Saori HayamiMamiko NotoTomo MuranakaCells at Work
Cells at Work!
Episode 1 also reviewed here: Anime 1st episodes 2018: C
Also known as: Hataraku Saibou
Medium: TV, series
Year: 2018
Director: Ken'ichi Suzuki
Writer: Yuuko Kakihara
Original creator: Akane Shimizu
Actor: Akinori Egoshi, Akira Ishida, Anzu Haruno, Aya Endo, Ayako Kawasumi, Chitose Morinaga, Daiki Hamano, Daisuke Ono, Gakuto Kajiwara, Hikaru Akao, Hiroki Maeda, Hiroyuki Yoshino, Junichi Yanagita, Juri Kimura, Kaito Takeda, Kana Hanazawa, Kazuaki Kobayashi, Kikuko Inoue, Kousuke Toriumi, Mai Nakahara, Mamiko Noto, M.A.O, Maria Naganawa, Mariko Higashiuchi, Mikako Komatsu, Nobuhiko Okamoto, Riki Kitazawa, Rikiya Koyama, Saori Hayami, Satoshi Hino, Sho Nogami, Shoya Chiba, Taito Ban, Takahiro Sakurai, Toa Yukinari, Tomo Muranaka, Tomoaki Maeno, Tomokazu Sugita, Yui Ishikawa, Yuichi Nakamura
Keywords: Cells at Work, anime, favourite
Country: Japan
Language: Japanese
Format: 14 episodes
Website category: Anime 2018
Review date: 25 July 2019
Hataraku Saibou
It's genuinely different. (Okay, there's also been stuff like Osmosis Jones, but even so this isn't something you see every day.) It's about the life of the cells in your body. It's a surprisingly lovable combination of fun characters, seriously educational content and ultra-violence.
Firstly, the scientific accuracy. There are points where the show's toned down the gruesomeness of what really happens, but that's just taking things from "insanely" to "very very very". What happens in your body every day is massive death and carnage. Your body contains 37.2 trillion cells, most of which have a lifespan in days even when something hideous doesn't happen to them. (White blood cells might live for about thirteen days, although it varies since there are lots of different kinds of them. Red blood cells for about 120 days and a liver cell for about eighteen months.)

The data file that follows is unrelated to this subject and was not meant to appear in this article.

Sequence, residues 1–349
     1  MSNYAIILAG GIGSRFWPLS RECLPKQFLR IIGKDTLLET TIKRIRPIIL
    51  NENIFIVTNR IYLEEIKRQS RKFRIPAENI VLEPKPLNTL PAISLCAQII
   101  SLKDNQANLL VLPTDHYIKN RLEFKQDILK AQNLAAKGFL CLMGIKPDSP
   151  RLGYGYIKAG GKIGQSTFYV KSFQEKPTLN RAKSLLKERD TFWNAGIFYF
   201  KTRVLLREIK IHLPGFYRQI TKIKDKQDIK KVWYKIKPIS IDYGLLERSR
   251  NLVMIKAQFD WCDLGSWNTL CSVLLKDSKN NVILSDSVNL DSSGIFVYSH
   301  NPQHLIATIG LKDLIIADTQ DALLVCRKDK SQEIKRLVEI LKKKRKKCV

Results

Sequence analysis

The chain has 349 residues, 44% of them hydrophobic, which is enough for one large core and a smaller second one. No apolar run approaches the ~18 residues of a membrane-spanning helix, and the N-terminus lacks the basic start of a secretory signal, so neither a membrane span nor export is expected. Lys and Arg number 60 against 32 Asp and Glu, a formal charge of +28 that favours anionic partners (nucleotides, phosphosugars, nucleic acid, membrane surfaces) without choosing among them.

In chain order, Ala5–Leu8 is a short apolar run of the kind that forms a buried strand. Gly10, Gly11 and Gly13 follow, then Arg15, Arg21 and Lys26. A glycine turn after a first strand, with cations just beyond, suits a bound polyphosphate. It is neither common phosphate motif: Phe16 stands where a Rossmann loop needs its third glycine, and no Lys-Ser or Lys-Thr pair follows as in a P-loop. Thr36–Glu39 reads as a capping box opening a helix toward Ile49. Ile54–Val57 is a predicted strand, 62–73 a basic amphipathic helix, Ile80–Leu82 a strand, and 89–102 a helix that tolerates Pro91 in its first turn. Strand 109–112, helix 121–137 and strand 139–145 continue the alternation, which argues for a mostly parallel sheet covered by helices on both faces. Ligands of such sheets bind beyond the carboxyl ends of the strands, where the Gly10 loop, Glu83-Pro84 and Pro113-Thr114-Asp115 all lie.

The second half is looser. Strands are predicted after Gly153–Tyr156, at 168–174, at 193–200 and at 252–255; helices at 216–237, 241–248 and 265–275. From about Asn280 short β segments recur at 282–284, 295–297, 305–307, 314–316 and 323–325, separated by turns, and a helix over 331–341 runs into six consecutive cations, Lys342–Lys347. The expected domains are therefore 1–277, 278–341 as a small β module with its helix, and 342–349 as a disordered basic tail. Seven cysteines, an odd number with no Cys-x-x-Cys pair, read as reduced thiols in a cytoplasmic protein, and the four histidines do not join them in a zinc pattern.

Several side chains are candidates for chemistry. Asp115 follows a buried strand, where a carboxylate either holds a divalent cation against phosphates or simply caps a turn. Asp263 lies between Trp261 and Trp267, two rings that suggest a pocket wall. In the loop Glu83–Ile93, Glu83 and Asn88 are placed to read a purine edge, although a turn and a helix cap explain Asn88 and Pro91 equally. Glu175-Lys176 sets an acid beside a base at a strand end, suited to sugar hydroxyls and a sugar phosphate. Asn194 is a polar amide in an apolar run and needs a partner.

Your initial impressions of this show will probably be:
(a) Red Blood Cell is lovely! The platelets! I want to hug them all.
(b) AMAZING GORE. The white blood cells hunt and kill bad things all day, every day... and they don't use guns. They've got knives. Big ones. (Well, except for Macrophage and her terrifying meat cleavers, mallets, baseball bats, axes, etc. Do not mess with Macrophage. You wouldn't want to, though, since she's sweet and maternal even when battering Staphylococcus bacteria into bloody chunks.) If I had to choose one image to represent this show, it would be serene, sexy Macrophage in the title sequence with her frilly maid outfit, happy smile and hand that's dripping with someone else's blood.
That said, though, the plotting's a bit one-dimensional. The cast are all hard-working cells. They have their own personalities and foibles, but they'll almost always be focused on doing their jobs. (That's even paradoxically true of the baddies, which are similarly fulfilling their function as bacteria or whatever. Cancer's a special case, though.) This restricts the plotting. Almost every episode is A Bad Real Thing That Can Happen To Your Body. The cast's personalities bring a lot of colour and humour to that, but the show, underneath, can be a bit predictable.
It's also possible that specific storylines might connect with you personally. If you have a family member with cancer, for instance, who knows how you'll react to the cancer two-parter? (I will, though, point out that those episodes were praised as "very accurate" by a cancer researcher, Dr. Satoru Otsuka, of the molecular neuro-oncology department of Emory University School of Medicine in Atlanta, Georgia.)